Pieces From the Past
6th Grade Oral Language Resources
Students will:• Learn about studying the past through artifacts, fossils and land formations.
• Access prior knowledge and build background about archaeology and ancient civilizations.
• Explore and apply the concept of identifying the things that help us learn about the past and which kinds of scientists study these things.
Students will:• Demonstrate an understanding of the concepts of archaeology, paleontology and geology.
• Orally use words to differentiate between artifacts, fossils and land formations.
• Extend oral vocabulary by speaking about how the study of the past relates to knowledge about the present.
• Use key concept words [artifact, fossil, archaeologist, paleontologist, geologist, dinosaur, museum, prehistoric, diorama].
Explain• Use the slideshow to review the key concept words.
• Explain that students are going to learn about studying the past:
• What makes something an artifact or fossil.
• How land formations relate to history.
• The difference between archaeology, paleontology and geology.
• How studying ancient civilizations helps us understand our own civilization better.
Model• After the host introduces the slideshow, point to the photo on screen. Ask students: What are considered pieces of the past? (artifacts, fossils and land formations)
• Ask students: What are some types of artifacts? (anything used by ancient peoples, such as weapons, household objects, or ancient writings)
• Say: Scientists such as geologists, archaeologists, and paleontologists help us to learn about the past by studying artifacts, remains, and fossils. How do people find these pieces of the past? (excavations, archaeological digs, the discovery of a lost city, analyzing rocks or mountain ranges, etc.)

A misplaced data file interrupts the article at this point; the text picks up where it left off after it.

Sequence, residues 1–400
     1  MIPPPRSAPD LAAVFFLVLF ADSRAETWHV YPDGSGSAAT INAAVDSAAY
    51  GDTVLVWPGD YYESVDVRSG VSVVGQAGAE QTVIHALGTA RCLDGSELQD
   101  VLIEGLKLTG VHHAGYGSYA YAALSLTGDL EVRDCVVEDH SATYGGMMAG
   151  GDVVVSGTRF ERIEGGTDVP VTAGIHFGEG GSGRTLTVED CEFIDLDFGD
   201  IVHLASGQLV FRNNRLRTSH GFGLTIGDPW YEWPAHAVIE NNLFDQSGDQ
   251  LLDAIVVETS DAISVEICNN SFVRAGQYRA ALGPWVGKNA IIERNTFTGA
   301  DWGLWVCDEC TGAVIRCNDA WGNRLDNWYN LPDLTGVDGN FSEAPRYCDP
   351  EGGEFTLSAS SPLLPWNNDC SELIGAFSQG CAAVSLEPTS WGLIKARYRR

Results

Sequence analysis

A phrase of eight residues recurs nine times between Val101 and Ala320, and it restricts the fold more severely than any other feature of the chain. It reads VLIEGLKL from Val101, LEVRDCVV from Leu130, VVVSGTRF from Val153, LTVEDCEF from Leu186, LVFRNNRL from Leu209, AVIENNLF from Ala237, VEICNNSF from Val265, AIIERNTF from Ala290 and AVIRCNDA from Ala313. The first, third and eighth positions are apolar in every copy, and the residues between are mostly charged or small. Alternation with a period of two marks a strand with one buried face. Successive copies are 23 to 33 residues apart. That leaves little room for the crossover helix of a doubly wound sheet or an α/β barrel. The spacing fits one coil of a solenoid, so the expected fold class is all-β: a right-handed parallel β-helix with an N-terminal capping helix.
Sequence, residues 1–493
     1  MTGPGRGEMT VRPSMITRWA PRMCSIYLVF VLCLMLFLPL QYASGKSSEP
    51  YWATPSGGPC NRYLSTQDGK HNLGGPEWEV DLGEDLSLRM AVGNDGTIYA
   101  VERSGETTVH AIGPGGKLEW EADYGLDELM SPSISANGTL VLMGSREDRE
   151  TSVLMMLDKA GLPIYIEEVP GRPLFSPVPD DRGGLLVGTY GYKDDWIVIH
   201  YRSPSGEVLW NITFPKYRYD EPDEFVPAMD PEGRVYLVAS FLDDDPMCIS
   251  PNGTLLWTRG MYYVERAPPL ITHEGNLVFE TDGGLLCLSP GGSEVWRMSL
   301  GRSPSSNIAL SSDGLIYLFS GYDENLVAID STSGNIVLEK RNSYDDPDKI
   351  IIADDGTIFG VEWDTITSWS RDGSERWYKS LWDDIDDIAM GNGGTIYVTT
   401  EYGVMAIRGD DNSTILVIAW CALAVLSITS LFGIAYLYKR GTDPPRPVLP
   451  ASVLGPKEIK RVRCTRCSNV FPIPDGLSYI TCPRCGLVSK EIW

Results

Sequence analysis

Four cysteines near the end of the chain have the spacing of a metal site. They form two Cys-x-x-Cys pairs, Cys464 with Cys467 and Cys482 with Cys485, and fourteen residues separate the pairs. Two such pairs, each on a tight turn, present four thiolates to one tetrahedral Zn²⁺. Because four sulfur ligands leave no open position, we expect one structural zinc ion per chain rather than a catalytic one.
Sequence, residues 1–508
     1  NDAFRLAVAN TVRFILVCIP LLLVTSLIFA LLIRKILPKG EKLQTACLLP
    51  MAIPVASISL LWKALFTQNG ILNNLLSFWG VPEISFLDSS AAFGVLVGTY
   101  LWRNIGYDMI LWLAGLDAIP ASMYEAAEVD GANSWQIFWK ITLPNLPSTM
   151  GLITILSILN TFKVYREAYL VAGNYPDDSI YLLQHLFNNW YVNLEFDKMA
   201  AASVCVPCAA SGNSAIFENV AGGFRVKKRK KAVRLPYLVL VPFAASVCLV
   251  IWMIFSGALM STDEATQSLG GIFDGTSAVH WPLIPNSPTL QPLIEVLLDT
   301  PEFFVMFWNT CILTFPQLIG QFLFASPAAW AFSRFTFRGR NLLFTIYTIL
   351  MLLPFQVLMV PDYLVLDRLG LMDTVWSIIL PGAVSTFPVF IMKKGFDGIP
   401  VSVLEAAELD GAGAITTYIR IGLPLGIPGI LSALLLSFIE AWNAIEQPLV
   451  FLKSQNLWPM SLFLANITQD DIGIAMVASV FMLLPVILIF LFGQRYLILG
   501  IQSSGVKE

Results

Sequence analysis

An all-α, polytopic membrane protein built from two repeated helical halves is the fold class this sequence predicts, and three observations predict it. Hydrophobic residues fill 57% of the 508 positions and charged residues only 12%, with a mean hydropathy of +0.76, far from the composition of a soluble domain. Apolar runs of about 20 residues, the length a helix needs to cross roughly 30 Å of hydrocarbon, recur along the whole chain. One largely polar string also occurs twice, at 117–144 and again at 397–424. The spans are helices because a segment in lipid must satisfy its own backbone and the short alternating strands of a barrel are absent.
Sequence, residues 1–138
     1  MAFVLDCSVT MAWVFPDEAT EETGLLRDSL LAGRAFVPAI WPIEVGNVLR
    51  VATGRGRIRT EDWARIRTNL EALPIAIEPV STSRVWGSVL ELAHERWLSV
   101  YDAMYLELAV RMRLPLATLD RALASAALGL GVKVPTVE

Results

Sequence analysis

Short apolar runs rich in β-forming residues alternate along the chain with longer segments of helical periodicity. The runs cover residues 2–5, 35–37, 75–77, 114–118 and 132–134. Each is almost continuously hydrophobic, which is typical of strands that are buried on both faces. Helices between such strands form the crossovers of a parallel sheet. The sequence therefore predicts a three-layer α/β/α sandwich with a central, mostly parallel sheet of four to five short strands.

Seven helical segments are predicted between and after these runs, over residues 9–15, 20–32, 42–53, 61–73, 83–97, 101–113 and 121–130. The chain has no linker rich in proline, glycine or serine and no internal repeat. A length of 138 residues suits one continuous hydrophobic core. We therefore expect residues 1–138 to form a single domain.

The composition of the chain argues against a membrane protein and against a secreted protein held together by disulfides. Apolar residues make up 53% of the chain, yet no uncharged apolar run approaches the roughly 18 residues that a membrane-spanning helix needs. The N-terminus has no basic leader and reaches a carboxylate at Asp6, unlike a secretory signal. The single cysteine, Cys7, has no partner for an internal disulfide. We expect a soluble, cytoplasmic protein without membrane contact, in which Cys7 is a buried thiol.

Guided Practice• Guide students through the next three slides showing them pictures of various pieces of the past. Always have the students identify what the item is and explain why they think it is an artifact, fossil or land formation.
Apply• Play the games that follow. Have them discuss with their partner the different topics that appear during the Talk About It feature.
• After the first game, ask students if they have ever been to a museum of natural history. After the second game, encourage them to share stories about their favorite exhibits and what types of pieces from the past were included in that exhibit.
Close• Ask students: Which items from our civilization would be helpful to scientists in the future who are trying to learn more about us?
• Summarize for students that there are scientists who specialize in looking at artifacts, and remains in order to help us understand the past. Encourage students to pretend they are an archaeologist from the future and have them discuss what "artifacts" from today they would find most interesting.